The Olympic Games are always evolving.  Younger generations may not realise that until relatively recently most sports made amateurism a qualification criteria for the Games. The USA’s “Dream Team” of professional basketball players was first seen in 1984, and only in 2016 did the first professional boxers compete in the Games. 

One of the current rules of the International Olympic Committee (IOC), Rule 40 of the Olympic Charter, is now coming under attack and following a recent German decision, looks set for revolution, not just evolution. 

Rule 40 prevents athletes allowing their name, image or sporting performance to be used in advertising (unless permitted by the IOC) during the Games and for a period of about 9 days beforehand.  This serves to protect the official sponsors of the Games by ensuring only they can run campaigns featuring the stars of the event during this ‘black-out period’.  During the London 2012 Games, for example, this meant that former Olympians like Denise Lewis could be used in advertising campaigns during the Games at a point when current Olympians would have risked disqualification.

Another IOC rule, Rule 50 (which many also argue is outdated)  prohibits advertising within Olympic venues. As such the value in Olympic sponsorship is heavily reliant on the cut-through which sponsors can achieve through classic Olympian campaigns like P&G’s “Thank you Mom” campaign during the 2012 Games.  

This sponsorship model was shaken to its core last week, at least in Germany. The national competition law authority, the Bundeskartellamt, has been investigating complaints that the IOC and German National Olympic Committee, the DSOB, were abusing a dominant position by enforcing Rule 40. Initial relaxations of the rules ahead of the 2018 Winter Games were deemed ineffective and last week the Bundeskartellamt announced that it had obtained commitments from the IOC and DOSB to make further relaxations. 

The newly agreed guidelines are available to download in German via the DOSB website, and thanks to Google Translate, I’ve determined that they appear to throw a hammer right through Rule 40.  It seems that German athletes and their sponsors will be allowed to do pretty much anything provided that it isn’t otherwise unlawful, for example under trade mark law or the German “Olympic Protection Act”, and provided it doesn’t create confusion by suggesting a commercial relationship between the athlete’s sponsor and Team Germany, the DOSB or the Olympic Games. 

Previously prohibited terms like “medal, gold, silver, bronze, winter or summer games” are no longer specifically restricted and there will be a relaxation on use of social media by athletes to thank and otherwise call out personal sponsors during the Games. Allowing use of images of the athlete competing at the Games, provided these don’t include Olympic symbols etc, is also permitted. The guidelines even go as far as suggesting airbrushing out Olympic logos, and the guidelines assert that they over-rule contractual ticket and accreditation terms which would otherwise restrict commercial use of such images.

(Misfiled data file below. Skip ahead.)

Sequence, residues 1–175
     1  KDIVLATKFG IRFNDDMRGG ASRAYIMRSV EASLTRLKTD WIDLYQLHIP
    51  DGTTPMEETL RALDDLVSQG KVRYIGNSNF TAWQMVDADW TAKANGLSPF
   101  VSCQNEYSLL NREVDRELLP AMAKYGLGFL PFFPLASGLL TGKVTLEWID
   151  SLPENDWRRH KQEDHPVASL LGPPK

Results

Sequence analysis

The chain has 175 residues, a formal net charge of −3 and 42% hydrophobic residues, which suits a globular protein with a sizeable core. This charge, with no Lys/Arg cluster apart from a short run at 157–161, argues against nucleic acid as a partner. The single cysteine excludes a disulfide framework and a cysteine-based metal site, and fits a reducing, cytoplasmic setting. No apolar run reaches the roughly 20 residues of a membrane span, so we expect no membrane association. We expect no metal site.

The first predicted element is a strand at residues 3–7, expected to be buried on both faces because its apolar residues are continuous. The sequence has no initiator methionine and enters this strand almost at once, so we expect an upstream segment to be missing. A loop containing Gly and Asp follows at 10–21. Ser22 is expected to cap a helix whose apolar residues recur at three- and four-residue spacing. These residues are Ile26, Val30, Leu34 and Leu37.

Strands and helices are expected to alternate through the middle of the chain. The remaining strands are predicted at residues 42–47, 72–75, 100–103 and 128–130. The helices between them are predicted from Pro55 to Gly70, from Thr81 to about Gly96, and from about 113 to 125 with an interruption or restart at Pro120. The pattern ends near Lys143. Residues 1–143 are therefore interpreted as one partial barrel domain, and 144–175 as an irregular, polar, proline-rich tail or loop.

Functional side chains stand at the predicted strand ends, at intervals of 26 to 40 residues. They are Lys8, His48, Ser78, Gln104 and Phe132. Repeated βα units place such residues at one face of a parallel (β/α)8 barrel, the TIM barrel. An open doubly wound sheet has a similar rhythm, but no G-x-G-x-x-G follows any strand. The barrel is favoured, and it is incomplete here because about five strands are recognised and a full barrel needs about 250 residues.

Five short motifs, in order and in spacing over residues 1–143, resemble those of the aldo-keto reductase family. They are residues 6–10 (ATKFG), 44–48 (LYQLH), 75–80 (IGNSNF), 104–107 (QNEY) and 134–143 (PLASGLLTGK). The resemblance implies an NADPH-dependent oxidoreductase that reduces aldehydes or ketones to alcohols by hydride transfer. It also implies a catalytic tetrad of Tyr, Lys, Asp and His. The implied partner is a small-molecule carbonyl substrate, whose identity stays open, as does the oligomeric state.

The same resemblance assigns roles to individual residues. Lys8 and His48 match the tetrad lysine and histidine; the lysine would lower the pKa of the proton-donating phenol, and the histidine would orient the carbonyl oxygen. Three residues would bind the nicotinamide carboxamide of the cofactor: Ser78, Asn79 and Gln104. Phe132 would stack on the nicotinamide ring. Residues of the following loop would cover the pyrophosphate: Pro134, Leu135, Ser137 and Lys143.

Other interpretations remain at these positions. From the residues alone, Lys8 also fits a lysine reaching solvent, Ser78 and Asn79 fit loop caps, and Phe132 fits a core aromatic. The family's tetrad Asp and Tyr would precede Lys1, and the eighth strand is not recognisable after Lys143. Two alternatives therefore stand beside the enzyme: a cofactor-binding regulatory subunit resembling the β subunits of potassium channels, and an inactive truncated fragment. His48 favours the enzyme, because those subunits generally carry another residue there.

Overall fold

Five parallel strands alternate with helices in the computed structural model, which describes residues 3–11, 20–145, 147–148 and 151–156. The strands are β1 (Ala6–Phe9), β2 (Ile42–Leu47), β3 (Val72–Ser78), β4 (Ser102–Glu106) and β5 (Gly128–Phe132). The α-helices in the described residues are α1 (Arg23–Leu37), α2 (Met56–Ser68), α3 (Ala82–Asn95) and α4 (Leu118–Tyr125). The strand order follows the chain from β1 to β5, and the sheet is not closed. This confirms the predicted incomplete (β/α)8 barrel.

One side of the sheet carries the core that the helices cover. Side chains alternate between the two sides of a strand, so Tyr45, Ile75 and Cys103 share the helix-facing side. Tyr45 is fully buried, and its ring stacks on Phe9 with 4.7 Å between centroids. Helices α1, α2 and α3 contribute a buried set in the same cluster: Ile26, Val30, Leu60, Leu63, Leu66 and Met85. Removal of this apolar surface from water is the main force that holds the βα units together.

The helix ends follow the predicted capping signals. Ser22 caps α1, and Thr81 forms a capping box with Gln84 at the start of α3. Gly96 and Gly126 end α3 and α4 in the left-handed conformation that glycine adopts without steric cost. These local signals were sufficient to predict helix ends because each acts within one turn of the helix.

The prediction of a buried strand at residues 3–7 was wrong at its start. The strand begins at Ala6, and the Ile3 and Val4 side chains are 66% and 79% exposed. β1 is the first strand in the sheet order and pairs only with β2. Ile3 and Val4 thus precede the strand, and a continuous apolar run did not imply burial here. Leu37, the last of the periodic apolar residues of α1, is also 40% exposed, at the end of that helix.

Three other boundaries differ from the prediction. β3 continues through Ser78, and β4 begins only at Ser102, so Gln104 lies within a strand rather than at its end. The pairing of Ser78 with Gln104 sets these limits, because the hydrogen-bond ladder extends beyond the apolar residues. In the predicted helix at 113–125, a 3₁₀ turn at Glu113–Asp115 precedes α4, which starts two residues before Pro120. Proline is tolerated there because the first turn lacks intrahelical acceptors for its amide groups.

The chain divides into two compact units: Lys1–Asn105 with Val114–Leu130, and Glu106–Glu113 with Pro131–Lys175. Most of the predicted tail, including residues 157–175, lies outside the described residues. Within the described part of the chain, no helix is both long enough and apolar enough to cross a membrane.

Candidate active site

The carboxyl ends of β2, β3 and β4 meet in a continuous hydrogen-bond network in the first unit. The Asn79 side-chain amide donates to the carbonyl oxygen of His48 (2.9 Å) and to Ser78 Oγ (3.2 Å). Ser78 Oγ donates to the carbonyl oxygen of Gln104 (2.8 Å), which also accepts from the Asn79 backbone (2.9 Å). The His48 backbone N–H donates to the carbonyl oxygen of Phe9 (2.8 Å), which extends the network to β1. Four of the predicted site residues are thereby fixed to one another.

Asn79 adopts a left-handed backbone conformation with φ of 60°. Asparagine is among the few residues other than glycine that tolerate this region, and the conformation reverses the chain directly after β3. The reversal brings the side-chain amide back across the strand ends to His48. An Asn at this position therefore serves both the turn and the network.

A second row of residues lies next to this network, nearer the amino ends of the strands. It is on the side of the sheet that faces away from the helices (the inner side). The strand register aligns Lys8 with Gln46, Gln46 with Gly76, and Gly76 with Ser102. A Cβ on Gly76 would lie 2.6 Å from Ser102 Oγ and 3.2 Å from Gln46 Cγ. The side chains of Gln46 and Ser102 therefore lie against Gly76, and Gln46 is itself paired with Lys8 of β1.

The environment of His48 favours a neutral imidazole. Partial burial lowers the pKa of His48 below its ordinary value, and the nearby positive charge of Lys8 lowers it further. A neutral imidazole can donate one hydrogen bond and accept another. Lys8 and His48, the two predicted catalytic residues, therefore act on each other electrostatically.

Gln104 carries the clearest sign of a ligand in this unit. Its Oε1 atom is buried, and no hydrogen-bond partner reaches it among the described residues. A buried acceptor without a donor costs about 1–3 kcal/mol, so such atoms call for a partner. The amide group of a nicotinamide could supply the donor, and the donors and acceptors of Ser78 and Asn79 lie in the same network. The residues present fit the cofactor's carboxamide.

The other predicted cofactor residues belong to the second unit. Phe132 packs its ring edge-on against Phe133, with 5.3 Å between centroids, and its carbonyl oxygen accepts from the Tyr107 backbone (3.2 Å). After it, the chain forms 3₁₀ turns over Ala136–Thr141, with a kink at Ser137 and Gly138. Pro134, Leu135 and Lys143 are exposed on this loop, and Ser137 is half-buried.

The German guidelines represent a fundamental shift. As yet, there is no guidance from the IOC as to how they will apply Rule 40 elsewhere around the world for Tokyo 2020, but they are no doubt pausing for thought. In the meantime an IOC spokesman looking at the positives was quoted by insidethegames as stating that the Bundeskartellamt decision “recognised that there are legitimate reasons for restricting individual athletes' advertising opportunities in order to ensure the ongoing organisation of the Olympic Games”, and also emphasised that the new guidelines will only apply in Germany (indeed the guidelines only seem to apply to ads in German media and German language – international ads will still need to comply with Rule 40).

So why are we updating you on this?  Athletes (and their agents) around the world will have noted this decision. Many countries have laws against ‘abuse of a dominant position’ and if the IOC doesn’t give ground globally, there’s a strong chance that similar official investigations or civil cases arguing that Rule 40 is unlawful will follow around the world. Given that the Olympic Charter champions equality, it also seems slightly unfair that German athletes can profit more from the Games than their fellow competitors of different nationalities. 

So,watch this space, and in the meantime if you’re not an official sponsor think about signing up a Team GB hopeful or two before Tokyo 2020 – their value maybe about to increase significantly.